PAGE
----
My husband's birthday was Monday. We've were out of town on vacation for his actual birthday, but I still wanted to make him an official "birthday cake." He usually goes for the ice cream cakes that you can buy at the ice cream shops, so he surprised me a little bit this year when he asked that I make him one. I actually had to dig through my cabnets to see if I even had cake pans. The only thing was that he wouldn't request a type. The flavor was up to me. After a few days of debating, I finally settled on a cupcake recipe that I found in the May 2009 Cooking Light magazine that sounded good. It can't be too hard to adapt a cupcake recipe into a layer cake can it?
Well, having never made a cake, I can definately tell you that cake baking is a lesson in patience. My first mistake was only making 1 recipe worth of batter. The recipe I was reading only makes 12 cupcakes. There was NO WAY that batter was going to fill 2 9-inch cake pans; I really don't know what I was thinking. Thankfully, I had plenty of ingredients so mixing up another bowl of batter was not a big issue.
As you can see above, the amount of batter was not my only issue. The recipe for the cupcakes states, "Cool in pan 2 minutes; remove from pan and let cool on wire rack." I knew that it was against my better judgment to try to get a hot cake out of the pan. Oops! The picture was the result. Only after this catastrophe did I realize that the cupcakes will come out of the pan because they are in paper fillers (duh!). So, there I was back at square 1 making another recipe worth of batter... at least now knew that the cake was good =-)
The next cake came out much better, and after ample cooling, it was time to frost. The recipe calls for a lime-flavored buttercream frosting, but also gives a modification for lemon if it is preferred. I went with the lime since we had a few lemon-flavored things around here lately. I was not fooling around with the amount listed on the recipe this time. I doubled the frosting recipe from the get go - extra frosting is never a bad thing anyway right?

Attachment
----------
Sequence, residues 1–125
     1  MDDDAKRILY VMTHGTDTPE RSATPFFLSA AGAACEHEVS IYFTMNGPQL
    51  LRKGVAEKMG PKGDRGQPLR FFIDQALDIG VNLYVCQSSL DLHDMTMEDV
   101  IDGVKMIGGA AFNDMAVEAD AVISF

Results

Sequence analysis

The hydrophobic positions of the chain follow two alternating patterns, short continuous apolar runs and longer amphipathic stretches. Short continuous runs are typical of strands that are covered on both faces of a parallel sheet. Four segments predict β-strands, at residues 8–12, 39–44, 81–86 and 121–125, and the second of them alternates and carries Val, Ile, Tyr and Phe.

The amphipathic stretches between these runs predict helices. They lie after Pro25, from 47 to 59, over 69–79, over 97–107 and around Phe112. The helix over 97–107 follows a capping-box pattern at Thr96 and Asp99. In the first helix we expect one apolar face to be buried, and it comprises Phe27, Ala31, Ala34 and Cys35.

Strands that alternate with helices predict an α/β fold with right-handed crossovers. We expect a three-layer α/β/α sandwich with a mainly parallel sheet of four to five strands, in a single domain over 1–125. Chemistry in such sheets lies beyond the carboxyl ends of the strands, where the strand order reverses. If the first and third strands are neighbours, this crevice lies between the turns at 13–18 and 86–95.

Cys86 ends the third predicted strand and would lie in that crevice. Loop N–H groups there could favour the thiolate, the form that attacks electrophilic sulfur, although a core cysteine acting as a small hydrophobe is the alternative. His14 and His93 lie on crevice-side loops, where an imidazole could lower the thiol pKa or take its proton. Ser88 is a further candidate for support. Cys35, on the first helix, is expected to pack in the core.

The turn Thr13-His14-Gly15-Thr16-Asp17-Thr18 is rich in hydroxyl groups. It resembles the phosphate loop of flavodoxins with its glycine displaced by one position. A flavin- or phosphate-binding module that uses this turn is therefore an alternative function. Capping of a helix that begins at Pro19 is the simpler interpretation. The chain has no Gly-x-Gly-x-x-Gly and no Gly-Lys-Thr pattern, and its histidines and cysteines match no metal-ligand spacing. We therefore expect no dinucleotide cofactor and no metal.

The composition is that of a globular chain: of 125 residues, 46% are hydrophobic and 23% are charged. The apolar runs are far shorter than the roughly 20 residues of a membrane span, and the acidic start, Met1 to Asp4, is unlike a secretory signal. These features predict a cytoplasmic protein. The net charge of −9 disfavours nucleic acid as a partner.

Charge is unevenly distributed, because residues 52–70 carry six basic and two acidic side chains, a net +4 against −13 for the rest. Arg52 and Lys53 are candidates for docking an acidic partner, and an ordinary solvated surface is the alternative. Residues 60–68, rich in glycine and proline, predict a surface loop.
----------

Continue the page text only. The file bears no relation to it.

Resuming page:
Well, the amount of frosting turned out to be okay after I doubled it. It was the consistency of the frosting that was the issue. I'm not for sure how this frosting would have stayed on a cupcake, but there was no way it was sticking to the sides of my cake. Luckily, I had lined the outside of the plate with waxed paper so I could dispose of my mess later. After some additional, powdered sugar and some green-tinted edging it turned out okay. You'll have to excuse my edging - all I used was the corner clipped off the edge of a ziploc bag (I've never done cakes before remember).
Anyway, after all of that, I don't think it turned out half bad. My husband was gone golfing this afternoon and was quite impressed with the results when he got home. The flavor of the cake and frosting was also very good indicating that the problems were not with the recipe but with the baker :-)
Well, from now on I know - 1) let the cakes cool before removing them from the pan, 2) check yields before beginning a recipe, and 3) make sure the frosting is thick enough to stick to things
and not run all over the plate.
and not run all over the plate.
Coconut Cake with Lime Buttercream Frosting
Cake (doubled for 2 9-inch cake pans):
2 c. all-purpose flour (9 oz if you have a scale)
6 Tbsp. potato starch
2 tsp. baking powder
1 tsp. salt
1-1/2 c. sugar
4 Tbsp. butter, room temperature
2 eggs, room temperature
2 egg whites, room temperature
1-1/3 c. fat-free milk
4 Tbsp. packed sweetened flaked coconut
1 tsp. vanilla extract
6 Tbsp. butter, softened
2 tsp. fat-free milk
1 tsp. grated lime rind
2 Tbsp. lime juice
2-2/3 c. podered sugar (9.5 oz)
Preheat oven to 350 degrees. Coat 2 9-inch round cake pans with cooking spray. Weigh or lightly spooon flour into a dry measuring cup; level with a knife. Combine flour and next 3 ingredients (through salt) in a small bowl; stir with a whisk.
Combine sugar and butter in a large bowl; beat with a mixer at medium speed until blended (mixture will resemble damp sand). Add eggs and egg whites, one at a time, beating well after each addition. Add flour mixture and milk alternately, beginning and ending with flour mixture. Fold in coconut and vanilla.
Spread batter into the prepared cake pans. Bake for 18-20 minutes or until toothpick inserted comes out clean and cakes spring back when touched lightly in the center. Cool completely on a wire rack; remove from the pans.
To prepare frosting, combine butter and next 3 ingredients (through juice). Beat with a mixer at medium speed until smooth. Gradually add powdered sugar, beating until just smooth. Use between layers of the cake and to frost the outside.